Before I proceed, I want to stress that I am not condemning those who, out of fear and ignorance, have had abortions or who assisted someone in having an abortion. Yes, that was a sinful act and there needs to be repentance, but like Jesus, I would say, “Neither do I condemn you. Go and sin no more.” (John 8:11)
I also am not faulting anyone who had to terminate a pregnancy due to life-threatening circumstances. I personally had emergency surgery to remove an ectopic pregnancy. I’ll never forget how sorrowful I felt when the doctor told me that my unborn child had a heartbeat, yet I knew that heart would not be beating in a few short hours.
When it comes to elective abortions, the bulk of the guilt lies with those who run the abortion industry, those who promote it, those who legislated it into legality, those who coerce people into that decision, those who flippantly choose to take the lives of unborn children, and those who stand by and do nothing about it, all the while knowing it’s wrong.
Before I became a Christian, I was pro-choice, and I didn’t even particularly like children. However, the day I gave my life to Jesus, God placed a burden on my heart — a love of children, both born and unborn. I began to desire having children of my own, I became a teacher, and I got involved in the front lines of the battle for the sanctity of life. God threw me all in, and I didn’t hesitate. I came to believe that abortion is one of our national sins, and that the church was responsible to intervene. I volunteered, and later took a paid position, at A Woman’s Choice Resource Center in Louisville. I counseled women who thought they might be pregnant, did pregnancy tests, gave supplies to those who were pregnant or who had young children, assisted with adoption plans, drove women to ultrasounds, shared the gospel, helped women who had had abortions to find counseling, and I even sidewalk counseled. I was polite, yet direct, when trying to dissuade women from deciding for abortion.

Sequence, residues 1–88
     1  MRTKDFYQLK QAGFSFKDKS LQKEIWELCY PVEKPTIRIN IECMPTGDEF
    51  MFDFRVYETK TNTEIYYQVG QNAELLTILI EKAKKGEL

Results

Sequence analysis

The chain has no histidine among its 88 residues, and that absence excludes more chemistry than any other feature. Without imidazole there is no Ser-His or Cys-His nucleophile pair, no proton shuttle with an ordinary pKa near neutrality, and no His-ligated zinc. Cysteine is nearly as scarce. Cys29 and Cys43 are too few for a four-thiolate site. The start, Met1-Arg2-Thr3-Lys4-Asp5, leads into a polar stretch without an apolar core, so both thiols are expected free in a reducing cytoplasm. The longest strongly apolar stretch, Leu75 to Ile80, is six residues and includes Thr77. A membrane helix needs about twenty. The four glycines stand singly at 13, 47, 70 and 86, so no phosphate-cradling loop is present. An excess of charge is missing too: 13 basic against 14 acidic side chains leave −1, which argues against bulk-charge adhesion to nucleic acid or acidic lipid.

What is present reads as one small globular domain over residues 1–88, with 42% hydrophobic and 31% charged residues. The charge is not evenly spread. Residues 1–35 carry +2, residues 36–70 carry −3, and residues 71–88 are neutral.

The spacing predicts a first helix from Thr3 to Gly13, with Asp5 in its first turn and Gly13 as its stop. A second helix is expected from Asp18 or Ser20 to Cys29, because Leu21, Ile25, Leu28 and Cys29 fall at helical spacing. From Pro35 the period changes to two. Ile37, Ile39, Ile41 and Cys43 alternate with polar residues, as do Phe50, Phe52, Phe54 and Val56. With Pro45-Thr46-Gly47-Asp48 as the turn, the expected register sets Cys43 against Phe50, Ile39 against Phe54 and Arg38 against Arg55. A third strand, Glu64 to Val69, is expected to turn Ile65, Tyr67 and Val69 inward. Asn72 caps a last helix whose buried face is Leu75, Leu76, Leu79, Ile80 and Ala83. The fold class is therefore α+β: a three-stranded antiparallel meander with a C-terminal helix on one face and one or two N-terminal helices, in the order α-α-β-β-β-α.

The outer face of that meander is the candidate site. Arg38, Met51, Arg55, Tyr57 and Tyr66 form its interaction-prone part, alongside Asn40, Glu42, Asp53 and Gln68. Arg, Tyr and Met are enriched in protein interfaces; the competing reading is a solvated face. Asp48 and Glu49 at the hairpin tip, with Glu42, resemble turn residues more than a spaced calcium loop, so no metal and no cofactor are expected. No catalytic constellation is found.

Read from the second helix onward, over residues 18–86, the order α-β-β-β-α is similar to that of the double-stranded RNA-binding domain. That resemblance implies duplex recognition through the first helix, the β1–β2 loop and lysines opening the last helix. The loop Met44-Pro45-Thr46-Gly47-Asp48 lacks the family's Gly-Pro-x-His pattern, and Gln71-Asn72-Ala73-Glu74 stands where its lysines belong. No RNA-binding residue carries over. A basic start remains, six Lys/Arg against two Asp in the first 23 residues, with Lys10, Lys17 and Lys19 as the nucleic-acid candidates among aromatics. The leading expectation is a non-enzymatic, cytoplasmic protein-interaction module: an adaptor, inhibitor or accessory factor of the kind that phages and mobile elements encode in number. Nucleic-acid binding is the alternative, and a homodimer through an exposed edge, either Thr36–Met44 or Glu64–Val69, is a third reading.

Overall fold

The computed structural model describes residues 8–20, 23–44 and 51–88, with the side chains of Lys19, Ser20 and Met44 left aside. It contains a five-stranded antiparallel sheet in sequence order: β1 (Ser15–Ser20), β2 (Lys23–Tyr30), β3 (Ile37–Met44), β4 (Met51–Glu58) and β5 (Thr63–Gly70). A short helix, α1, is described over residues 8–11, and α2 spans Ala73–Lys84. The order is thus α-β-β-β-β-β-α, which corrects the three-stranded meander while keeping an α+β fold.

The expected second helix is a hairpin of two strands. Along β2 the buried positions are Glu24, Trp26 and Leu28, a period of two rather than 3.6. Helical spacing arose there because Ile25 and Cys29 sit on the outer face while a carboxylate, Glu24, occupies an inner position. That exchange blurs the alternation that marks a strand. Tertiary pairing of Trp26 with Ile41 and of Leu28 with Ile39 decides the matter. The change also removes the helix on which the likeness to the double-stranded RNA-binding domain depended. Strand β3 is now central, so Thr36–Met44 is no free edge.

In our nation today, abortion persists as a stain on the heart of our nation. This practice began as a largely eugenic practice. Here are the words of Margaret Sanger, abortion advocate and Planned Parenthood founder:
” … I wish to take advantage of the present opportunity to point out that the unbalance between the birth rate of the “unfit” and the “fit”, admittedly the greatest present menace to civilization, can never be rectified by the inauguration of a cradle competition between these two classes. In this matter, the example of the inferior classes, the fertility of the feeble-minded, the mentally defective, the poverty-stricken classes, should not be held up for emulation to the mentally and physically fit though less fertile parents of the educated and well-to-do classes. On the contrary, the most urgent problem today is how to limit and discourage the over-fertility of the mentally and physically defective. (Margaret Sanger, “The Eugenic Value of Birth Control Propaganda,” Oct 1921. Published Article. Source: Birth Control Review, Oct. 1921, p. 5 , Margaret Sanger Microfilm S70:913.)